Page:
county of Victoria a long string of fishing ports and towns beginning with a fishing place called North River, North Gut, South Gut, Englishtown, North Shore, South Bay, Ingonish, Neil harbour, Dinwall bay, St. Lawrence, Meat Cove. All of these villages along the coast of the county of Victoria are most magnificent fishing places, but they have no railway, and consequently the fishing trade is really in its infancy and has no opportunity of development. If a railway were run through these fishing villages, there is no limit to the wealth that might be developed. On the Inverness side of the island we have several Acadian villages on a settlement called Cheticamp, with magnificent fishing possibilities. Then there is Margaree harbour and another point called Site. Rose. Of course, there is a railroad from the Strait of Canso along the south side of the island, which railway I understand the Government intends to take over one of these days. That railway touches many of the harbours along the south side of the island; but the fishermen were never given any opportunity to take advantage of it because it is merely a coal road, that is, it is owned by a coal company; it is equipped only for the carrying of coal, and there was never anything done to connect it with the fishing towns, villages and harbours on the south side of the island of Cape Breton. But when the Government take it over, as I hope they will, there will be an opportunity for them so to equip it that it will be a means of assistance to the fishermen of that side of the .island and will enable the fishermen to produce this excellent food for other parts of Canada. On the south side of the island we have a railway extending about thirty or thirty-five miles from the strait of Canso to the St. Peter's canal. That railway is well known to the leader of the Government (Sir George Foster), who has possibly travelled over it. It is a good, road so far as it goes, but it should be extended along the south coast of the island of Cape Breton to Louisburg, where it would connect with the railway of the Dominion Iron and Steel.

I am glad now that after many efforts we have the Minister of Railways (Mr. J. D. Reid) in the House listening to part of what I have to say in regard to this railway. I am pleased to tell the minister that it was the intention of the railway company that owns the road from the strait of Canso to St. Peter's to extend it to the harbour of Louisburg along the south coast of the island of Cape Breton, and that it was my

pleasure, as a practising barrister, to purchase, on behalf of that .company, magnificent terminals for that road on the site of the old town of Louisburg. If he will take in hand the extension of that road he will find owned by that company one of the most magnificent terminal sites on the whole of the Atlantic coast, and he will have the novelty and. pleasure of knowing that in the lands which can readily be owned by the Government is the site of the old town and the old wharf that the French people owned when they owned the town of Louisburg. He will also find that foundation of that wharf, good and sound as ever it was, within the land which this company owns. The towns through which this road would run if extended along the south side of the island would be St. Peter's itself, l'Ardoise, Grand River, Forchou, Gabarus, Louisburg, Lorraine, Mainadieu and Mira bay. All of these towns are struggling .along endeavouring to make a living at fishing, .but they have no railway facilities. As I have pointed out before, it is. impossible to give railway facilities to the two sides of this great island of Cape Breton simply by running a line through the middle, because the island, which is about 125 miles long by 90 miles wide, is cut into two parts by an arm of the sea and the St. Peter's canal. One can, therefore, understand that one line of railway running through the centre of that great stretch of country is not going to give proper accommodation, much less can it give good accommodation to the fishing industries along the coast. I am to-day merely supplementing what I said the other day, and I am merely reminding the minister now that he is. in the House-I am sure he is a busy man. and found it impossible to he here before-that he was sitting in this House when this resolution which I am about to read was .accepted. Hon. Mr. Rogers, who was then Minister of Public Works, was leading this House, and he was the .man who gave the word [DOT]that the Govern men>t was accepting my resolution, but I clearly remember that the present Minister of Railways, who was then Minister of Customs if I remember correctly, was sitting in the House at that time. The resolution, which was moved by myself and which was accepted by the Government, reads:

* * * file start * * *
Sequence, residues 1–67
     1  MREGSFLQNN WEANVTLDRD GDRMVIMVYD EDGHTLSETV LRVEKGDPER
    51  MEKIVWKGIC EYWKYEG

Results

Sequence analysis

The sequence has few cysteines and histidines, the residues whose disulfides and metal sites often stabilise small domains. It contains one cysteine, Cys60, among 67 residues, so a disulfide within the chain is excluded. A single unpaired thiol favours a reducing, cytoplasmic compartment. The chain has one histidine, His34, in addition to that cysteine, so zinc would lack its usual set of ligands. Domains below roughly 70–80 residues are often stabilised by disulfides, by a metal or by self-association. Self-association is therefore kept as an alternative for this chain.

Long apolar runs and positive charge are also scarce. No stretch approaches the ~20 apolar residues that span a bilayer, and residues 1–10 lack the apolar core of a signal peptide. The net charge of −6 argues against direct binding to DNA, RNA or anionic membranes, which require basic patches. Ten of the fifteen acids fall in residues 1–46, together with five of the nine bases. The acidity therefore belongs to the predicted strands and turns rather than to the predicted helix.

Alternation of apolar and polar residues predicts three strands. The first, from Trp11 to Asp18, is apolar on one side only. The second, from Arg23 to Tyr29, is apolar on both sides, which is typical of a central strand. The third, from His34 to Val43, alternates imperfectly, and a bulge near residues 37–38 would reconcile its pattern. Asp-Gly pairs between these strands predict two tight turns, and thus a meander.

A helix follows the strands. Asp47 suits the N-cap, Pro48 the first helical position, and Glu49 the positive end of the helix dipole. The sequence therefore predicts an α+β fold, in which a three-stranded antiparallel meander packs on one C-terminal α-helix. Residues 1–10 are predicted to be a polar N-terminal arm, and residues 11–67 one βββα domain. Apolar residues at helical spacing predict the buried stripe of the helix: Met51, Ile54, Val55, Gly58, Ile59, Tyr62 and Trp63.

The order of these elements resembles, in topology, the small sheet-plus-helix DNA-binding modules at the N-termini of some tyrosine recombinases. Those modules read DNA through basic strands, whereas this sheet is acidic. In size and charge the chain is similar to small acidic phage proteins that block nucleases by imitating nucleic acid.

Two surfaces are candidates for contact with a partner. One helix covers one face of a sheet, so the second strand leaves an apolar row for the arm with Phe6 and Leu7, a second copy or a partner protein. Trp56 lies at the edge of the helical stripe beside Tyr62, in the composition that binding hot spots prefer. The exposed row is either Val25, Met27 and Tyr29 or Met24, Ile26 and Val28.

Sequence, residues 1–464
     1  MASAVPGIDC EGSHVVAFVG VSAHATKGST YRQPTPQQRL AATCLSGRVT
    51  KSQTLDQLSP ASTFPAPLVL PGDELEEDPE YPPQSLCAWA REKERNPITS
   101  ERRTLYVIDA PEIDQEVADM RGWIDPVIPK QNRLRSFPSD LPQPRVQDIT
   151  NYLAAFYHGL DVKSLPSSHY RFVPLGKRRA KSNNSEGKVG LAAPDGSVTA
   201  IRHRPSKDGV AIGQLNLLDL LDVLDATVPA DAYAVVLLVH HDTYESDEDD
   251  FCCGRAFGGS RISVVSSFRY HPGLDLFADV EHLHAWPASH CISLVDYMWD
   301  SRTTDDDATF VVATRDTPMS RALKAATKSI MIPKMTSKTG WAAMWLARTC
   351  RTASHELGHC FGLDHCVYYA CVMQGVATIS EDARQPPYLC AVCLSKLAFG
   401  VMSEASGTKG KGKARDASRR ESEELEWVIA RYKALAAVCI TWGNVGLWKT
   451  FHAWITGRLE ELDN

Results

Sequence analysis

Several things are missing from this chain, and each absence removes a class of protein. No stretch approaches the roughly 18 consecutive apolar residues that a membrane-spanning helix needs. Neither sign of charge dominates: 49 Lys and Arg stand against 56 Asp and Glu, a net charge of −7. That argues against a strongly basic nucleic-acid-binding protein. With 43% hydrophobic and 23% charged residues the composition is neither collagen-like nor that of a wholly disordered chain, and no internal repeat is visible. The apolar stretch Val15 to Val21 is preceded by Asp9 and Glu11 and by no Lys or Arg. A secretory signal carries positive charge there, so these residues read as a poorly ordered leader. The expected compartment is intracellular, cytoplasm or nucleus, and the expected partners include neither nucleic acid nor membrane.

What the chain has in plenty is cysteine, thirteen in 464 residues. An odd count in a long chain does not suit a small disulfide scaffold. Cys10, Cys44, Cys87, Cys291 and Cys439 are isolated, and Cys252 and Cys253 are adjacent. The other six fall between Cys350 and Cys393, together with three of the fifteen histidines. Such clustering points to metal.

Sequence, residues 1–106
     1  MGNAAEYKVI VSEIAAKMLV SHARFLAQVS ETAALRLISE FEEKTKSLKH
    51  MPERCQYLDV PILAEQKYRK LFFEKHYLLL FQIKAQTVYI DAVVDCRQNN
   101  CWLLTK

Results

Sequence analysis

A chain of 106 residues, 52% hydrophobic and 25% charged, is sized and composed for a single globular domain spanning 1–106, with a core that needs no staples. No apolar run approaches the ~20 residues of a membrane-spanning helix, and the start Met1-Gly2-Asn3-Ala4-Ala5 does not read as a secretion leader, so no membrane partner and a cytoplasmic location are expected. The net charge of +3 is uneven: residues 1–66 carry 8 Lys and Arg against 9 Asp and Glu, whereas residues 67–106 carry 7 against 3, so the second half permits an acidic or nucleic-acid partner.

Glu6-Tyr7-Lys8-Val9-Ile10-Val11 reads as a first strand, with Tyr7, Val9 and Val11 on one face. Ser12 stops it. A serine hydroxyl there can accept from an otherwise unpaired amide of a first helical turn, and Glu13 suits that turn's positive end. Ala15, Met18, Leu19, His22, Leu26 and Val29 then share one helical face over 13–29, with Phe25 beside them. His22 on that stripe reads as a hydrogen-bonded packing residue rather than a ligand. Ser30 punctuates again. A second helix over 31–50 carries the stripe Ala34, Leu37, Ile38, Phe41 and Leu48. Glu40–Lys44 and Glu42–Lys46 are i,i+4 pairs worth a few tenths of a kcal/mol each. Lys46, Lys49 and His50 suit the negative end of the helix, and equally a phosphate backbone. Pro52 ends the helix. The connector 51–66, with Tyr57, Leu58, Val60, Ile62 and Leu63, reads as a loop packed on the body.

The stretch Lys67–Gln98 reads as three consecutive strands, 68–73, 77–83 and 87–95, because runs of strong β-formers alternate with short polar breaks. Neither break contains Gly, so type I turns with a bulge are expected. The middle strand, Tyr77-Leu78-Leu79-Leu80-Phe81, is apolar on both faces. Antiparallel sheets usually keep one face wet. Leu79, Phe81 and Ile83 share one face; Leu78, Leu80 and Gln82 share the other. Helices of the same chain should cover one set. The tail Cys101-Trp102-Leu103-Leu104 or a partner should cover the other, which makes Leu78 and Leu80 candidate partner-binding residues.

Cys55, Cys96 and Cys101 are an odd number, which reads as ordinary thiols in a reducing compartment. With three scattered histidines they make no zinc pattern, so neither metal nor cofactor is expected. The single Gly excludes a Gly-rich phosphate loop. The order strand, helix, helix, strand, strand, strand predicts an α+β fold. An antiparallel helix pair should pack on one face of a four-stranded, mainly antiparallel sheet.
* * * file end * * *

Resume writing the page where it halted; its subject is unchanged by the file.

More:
Mr. McKenzie moved that in the opinion of this House the time has arrived for the extension of the Intercolonial Railway of Canada into the non-railway sections of the Maritime Provinces within reasonable range of the said railway.

What I am now moving is this:

Be It therefore resolved that, in the opinion of this House, the proposals of the said Resolution of the 16th of March, A.D., 1914, should he carried forward to completion at the earliest possible date.

The railroad that I am talking about in the county of Victoria was practically started in 1911 - along with several other lines of railway in Guysborough, Pictou and Halifax counties and other parts of eastern Nova Scotia: They were dropped with the promise that later on they would be taken up again. I trust that " later on " has arrived and that before long the Government will take such steps as may 'be necessary to carry out the proposition involved in my present resolution and the resolution which was accepted by the Government on the 16th March, 1914.

I trust I have made my position perfectly clear, also the position of the people of the island of Cape Breton, Guysborough and Inverness counties, of western Nova Scotia, as well as the sections of Quebec and New Brunswick particularly concerned in the scope- and purpose of the resolution.

I do hope that the day is not far digtant when the minister will be able to gladden the hearts of these old settlers who have been in this country, they and their forefathers, nearly two hundred years, and who have been looking from time to time for the benefits of railway extension. I trust the minister will have the satisfaction of feeling that he ia the one who brought this great benefit to this very excellent class of Canadians, who have too long been left out in the cold, without the facilities which have been properly extended to other parts of Canada.

Topic:   PROPOSED EXTENSION INTO NON-RAILWAY 'SECTION'S OF MARITIME PROVINCES.
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October 14, 1919